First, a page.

[DEBATE] : Fears for global economy propel gold price
Riaz K. Tayob
riazt at iafrica.com
Sat Sep 22 18:29:15 BST 2007
Fears for global economy propel gold price
Submitted by cpowell on 08:51PM ET Friday, September 21, 2007. Section:
By Ambrose Evans-Pritchard
The Telegraph, London
Saturday, September 22, 2007
The moment every gold bug has been waiting for finally arrived this week
when "Barbaric Relic" smashed through resistance to close the week at a
27-year high of $737 an ounce on the London PM Fix.
A heady mix of a collapsing dollar, a British banking crisis, and
widespread suspicion that central banks are slackening in the fight
against inflation combined to propel gold above the $730 peak of May 2006.
Analysts say there is now "clear blue sky" until reaching the all-time
record of $850 in December 1980, when speculators drove it up in a
parabolic rally at the end of the great inflation crisis.
Greg Wilkins, chief executive of the world's top producer Barrick Gold,
said the shock half-point rate cut by the US Federal Reserve had been
the trigger for a major breakout.
"I think it's a perfect storm," Wilkins said. "What we have is inflation
plus lower interest rates, and that's not something that we've seen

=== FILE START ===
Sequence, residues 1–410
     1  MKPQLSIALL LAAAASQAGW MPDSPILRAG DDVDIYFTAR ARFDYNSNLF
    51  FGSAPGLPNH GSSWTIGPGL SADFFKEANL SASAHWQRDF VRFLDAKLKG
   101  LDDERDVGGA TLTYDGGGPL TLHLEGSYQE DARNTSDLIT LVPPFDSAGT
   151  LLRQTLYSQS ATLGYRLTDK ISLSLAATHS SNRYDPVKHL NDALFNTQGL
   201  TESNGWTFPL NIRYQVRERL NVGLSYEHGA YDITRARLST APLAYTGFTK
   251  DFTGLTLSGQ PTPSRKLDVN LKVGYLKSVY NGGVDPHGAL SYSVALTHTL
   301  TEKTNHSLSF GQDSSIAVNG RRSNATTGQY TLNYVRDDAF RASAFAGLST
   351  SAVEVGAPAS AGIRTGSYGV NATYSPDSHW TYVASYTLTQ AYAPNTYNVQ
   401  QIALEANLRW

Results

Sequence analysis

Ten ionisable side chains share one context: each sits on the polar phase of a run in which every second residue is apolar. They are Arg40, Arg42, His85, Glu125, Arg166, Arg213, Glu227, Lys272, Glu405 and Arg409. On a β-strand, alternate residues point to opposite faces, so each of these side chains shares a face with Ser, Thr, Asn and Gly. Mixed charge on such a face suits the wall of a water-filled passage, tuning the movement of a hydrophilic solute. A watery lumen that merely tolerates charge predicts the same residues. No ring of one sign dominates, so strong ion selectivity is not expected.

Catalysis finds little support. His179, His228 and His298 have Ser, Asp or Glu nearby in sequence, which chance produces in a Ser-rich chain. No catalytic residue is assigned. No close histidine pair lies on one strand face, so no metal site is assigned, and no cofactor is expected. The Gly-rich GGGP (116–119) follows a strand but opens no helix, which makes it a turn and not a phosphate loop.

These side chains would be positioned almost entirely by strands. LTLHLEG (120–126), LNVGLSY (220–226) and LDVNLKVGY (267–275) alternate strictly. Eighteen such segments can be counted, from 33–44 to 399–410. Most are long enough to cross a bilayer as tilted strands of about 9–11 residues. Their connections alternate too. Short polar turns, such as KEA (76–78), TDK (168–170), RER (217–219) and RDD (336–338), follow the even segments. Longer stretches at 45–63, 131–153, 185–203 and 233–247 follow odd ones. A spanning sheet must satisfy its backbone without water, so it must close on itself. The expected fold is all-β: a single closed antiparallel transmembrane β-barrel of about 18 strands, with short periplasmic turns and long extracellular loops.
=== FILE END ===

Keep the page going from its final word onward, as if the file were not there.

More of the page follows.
before. I think that's going to be very bearish for the dollar, which is
conversely good for gold."
Adding to the mood of euphoria, the autumn is typically a season for
gold rallies, and Spain's central bank has at last halted its bullion sales.
Madrid has been a major cap on prices this year, flooding the market
with 150 tonnes. The bank has now cut its total holdings by 46 percent,
leaving the country with wafer-thin foreign reserves.
Experts suspect that Asian central banks may have become buyers. China
has less than 2 percent of its vast $1,340 billion reserves in gold and
has signalled an intent to diversify away from dollars.
President Vladimir Putin has instructed Russia's central bank to raise
the gold share of its huge reserves from around 5 percent to 10 percent.
The Fed's aggressive rate cut at a time when oil is hovering at an
all-time high of $82 a barrel and food prices are rocketing has created
the impression that the US authorities are willing to tolerate higher
inflation rather that allow the credit and housing bubble to deflate fully.
As recently at late July the Fed warned that inflation remained the
"predominant" risk to the economy. Although price rises were tame in
August, there are concerns that the headline CPI rate could jump from
the current 2.4 percent to nearer 3.5 percent. China's inflation jumped
to 6.5 percent in August and price pressures are developing across Asia,
the Middle East, and Eastern Europe.
The Federal Reserve may be right in calculating that the US housing
slump is now so serious that it will slow the economy sharply, dampening
global price pressures over time. But for now a large number of
well-heeled investors are willing to bet otherwise.
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